A Grand Rapids, Michigan man is claiming that a prison counselor he impregnated while incarcerated at Parnall Correctional Facility forced him to be her sex slave.
Steven Moerman, 44, was serving time for a drug charge in 2014 when he began receiving counseling for mental illness from Susan Lee Clingerman. According to a lawsuit filed in Jackson County Circuit Court, Moerman says Clingerman, who is also 44, turned him into “a virtual sex slave, demanding sexual gratification at her whim.”
The lawsuit names Michigan Gov. Rick Snyder, the Michigan Department of Corrections, and current and former prison officials as defendants. It is seeking unspecified damages for sexual assault, emotional distress and inadequate hiring, training and supervision.
“Defendants failed to provide Mr. Moerman humane conditions of confinement by knowingly, voluntarily, recklessly, and with willful disregard to Mr. Moerman’s personal safety, allowing him to be sexually assaulted and raped,” the lawsuit states.
As such, the lawsuit claims that prison officials were most likely aware of what was occurring because another prison counselor acted as a lookout for Clingerman while she took advantage of her position to violate Moerman.
Clingerman was banned from prison property in September 2014 and was then fired in January 2015 after a corrections officer caught her and Moerman having sex in her office, according to prison records contained in the lawsuit.
The officer, Timothy Hampton, told state police investigators that he had looked through the glass door of Clingerman’s office and saw her bent over a chair – before he walked into the office and she jumped up and pulled her skirt down.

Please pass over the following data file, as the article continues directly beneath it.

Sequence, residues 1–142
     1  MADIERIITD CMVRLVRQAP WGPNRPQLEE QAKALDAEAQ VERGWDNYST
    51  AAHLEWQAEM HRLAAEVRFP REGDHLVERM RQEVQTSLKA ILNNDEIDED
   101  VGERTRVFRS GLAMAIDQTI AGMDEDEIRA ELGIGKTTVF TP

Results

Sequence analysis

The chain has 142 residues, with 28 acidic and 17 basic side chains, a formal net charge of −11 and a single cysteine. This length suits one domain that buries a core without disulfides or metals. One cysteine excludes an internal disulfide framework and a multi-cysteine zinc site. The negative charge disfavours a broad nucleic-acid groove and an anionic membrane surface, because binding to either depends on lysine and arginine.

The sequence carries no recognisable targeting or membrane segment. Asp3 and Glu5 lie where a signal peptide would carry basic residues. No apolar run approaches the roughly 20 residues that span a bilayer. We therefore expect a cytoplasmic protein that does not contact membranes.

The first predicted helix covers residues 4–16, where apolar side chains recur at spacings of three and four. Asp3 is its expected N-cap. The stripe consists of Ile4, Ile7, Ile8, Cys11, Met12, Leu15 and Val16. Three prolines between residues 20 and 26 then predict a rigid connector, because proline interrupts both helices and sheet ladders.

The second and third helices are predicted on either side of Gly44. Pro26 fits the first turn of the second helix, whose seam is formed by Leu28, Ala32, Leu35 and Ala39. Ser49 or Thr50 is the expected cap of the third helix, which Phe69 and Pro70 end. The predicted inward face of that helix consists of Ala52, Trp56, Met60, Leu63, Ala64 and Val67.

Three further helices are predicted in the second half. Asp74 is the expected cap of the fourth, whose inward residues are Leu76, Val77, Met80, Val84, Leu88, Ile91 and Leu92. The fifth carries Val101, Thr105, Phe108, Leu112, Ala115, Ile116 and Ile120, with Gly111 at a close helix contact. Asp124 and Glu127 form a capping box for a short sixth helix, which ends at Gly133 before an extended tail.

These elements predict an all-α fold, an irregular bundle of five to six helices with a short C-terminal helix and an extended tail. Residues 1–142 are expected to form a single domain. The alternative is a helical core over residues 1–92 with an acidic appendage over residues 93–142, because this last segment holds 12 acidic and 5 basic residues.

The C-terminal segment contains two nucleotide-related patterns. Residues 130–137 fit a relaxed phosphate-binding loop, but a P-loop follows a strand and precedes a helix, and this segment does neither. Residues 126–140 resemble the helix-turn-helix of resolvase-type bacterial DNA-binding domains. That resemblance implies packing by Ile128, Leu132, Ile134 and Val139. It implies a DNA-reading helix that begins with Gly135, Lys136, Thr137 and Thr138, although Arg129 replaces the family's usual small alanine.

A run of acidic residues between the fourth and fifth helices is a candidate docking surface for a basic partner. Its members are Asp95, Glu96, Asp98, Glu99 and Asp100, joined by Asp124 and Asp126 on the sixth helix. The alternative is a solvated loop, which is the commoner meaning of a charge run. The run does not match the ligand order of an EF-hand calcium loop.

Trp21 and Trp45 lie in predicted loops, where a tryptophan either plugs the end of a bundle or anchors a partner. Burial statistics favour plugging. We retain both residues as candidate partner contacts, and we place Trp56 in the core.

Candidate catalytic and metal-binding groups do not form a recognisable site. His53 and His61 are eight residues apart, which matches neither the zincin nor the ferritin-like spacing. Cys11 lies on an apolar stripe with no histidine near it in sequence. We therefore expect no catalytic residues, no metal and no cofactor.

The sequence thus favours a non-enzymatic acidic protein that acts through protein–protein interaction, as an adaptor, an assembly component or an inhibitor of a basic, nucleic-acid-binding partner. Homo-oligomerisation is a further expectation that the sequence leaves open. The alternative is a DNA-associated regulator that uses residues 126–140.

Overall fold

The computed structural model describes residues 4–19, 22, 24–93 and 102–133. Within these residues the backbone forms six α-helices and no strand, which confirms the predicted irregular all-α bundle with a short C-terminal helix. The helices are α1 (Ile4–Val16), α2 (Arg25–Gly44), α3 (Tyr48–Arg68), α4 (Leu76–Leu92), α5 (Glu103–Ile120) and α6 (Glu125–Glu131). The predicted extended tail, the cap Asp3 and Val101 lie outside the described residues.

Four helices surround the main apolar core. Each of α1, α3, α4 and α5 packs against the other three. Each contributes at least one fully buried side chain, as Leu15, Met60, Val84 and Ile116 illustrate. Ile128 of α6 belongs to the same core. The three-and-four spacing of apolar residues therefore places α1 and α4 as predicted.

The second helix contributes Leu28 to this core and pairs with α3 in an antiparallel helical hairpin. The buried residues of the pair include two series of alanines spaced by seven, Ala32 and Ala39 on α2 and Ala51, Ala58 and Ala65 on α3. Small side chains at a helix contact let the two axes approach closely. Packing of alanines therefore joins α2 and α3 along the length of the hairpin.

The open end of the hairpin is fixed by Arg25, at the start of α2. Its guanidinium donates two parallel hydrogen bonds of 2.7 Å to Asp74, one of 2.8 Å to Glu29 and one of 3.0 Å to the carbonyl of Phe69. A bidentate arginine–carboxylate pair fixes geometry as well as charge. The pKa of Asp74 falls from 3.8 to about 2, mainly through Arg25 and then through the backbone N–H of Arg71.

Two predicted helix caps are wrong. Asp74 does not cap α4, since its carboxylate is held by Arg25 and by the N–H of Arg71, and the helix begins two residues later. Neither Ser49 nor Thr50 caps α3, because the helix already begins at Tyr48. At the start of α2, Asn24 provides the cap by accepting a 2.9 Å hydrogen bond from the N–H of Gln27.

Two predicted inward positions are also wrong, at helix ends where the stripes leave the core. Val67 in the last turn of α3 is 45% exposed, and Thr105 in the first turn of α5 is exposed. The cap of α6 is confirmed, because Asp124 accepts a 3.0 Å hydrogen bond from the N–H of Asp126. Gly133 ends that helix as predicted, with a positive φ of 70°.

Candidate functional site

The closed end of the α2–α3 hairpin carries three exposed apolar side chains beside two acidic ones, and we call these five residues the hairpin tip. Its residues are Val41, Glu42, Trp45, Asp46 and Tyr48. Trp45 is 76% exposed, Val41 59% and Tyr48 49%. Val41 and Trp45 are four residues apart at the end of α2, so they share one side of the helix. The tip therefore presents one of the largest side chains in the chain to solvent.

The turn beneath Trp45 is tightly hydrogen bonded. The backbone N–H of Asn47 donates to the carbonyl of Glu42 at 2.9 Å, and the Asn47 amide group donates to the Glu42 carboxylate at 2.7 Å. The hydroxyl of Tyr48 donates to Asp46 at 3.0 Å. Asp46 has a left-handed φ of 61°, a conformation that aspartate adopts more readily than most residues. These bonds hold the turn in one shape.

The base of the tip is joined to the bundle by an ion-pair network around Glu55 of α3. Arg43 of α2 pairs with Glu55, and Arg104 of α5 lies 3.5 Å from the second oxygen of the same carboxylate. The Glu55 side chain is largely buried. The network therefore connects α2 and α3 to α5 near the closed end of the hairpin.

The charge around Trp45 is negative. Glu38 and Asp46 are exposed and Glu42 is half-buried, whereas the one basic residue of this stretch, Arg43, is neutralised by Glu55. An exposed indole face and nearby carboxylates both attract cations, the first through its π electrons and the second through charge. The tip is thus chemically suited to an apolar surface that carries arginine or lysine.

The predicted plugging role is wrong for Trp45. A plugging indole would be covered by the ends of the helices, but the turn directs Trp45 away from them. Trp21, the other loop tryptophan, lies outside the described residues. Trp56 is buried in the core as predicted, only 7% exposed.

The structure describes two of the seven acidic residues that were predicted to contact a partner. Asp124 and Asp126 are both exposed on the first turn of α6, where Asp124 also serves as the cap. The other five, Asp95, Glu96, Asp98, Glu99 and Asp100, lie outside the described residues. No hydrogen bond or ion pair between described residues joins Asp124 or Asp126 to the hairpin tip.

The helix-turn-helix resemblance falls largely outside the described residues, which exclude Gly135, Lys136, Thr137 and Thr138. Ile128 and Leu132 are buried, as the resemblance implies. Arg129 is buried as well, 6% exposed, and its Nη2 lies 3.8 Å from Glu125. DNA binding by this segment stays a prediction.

Investigators reportedly turned up no evidence of another employee acting as a lookout during encounters, but Clingerman signed a written statement admitting to having sex with Moerman “on at least four occasions.”
She also admitted she was “pregnant w/ [Moerman’s] child,” and claimed that the relationship was consensual. According to the federal Prison Rape Elimination Act however, a prisoner is unable to consent to sex with a prison employee because of the power they have over them granted by their position.
Clingerman was charged with second-degree criminal sexual conduct as a result of the state investigation, and eventually pleaded guilty to the lesser felony charge of misconduct in office. Court records show she was sentenced to 27 days in jail and 18 months of probation.
Clingerman was “desperately wishing to conceive a child,” and “intentionally targeted [him] and began fertility treatment,” Moerman claims in the lawsuit, which includes a DNA test proving that he is the father of a child born to Clingerman in April 2015.
In May of this year, Clingerman filed a paternity suit against Moerman, who now asserts that he wants to have shared custody of the child. In addition to her criminal judgment, Clingerman has also had her social workers license revoked.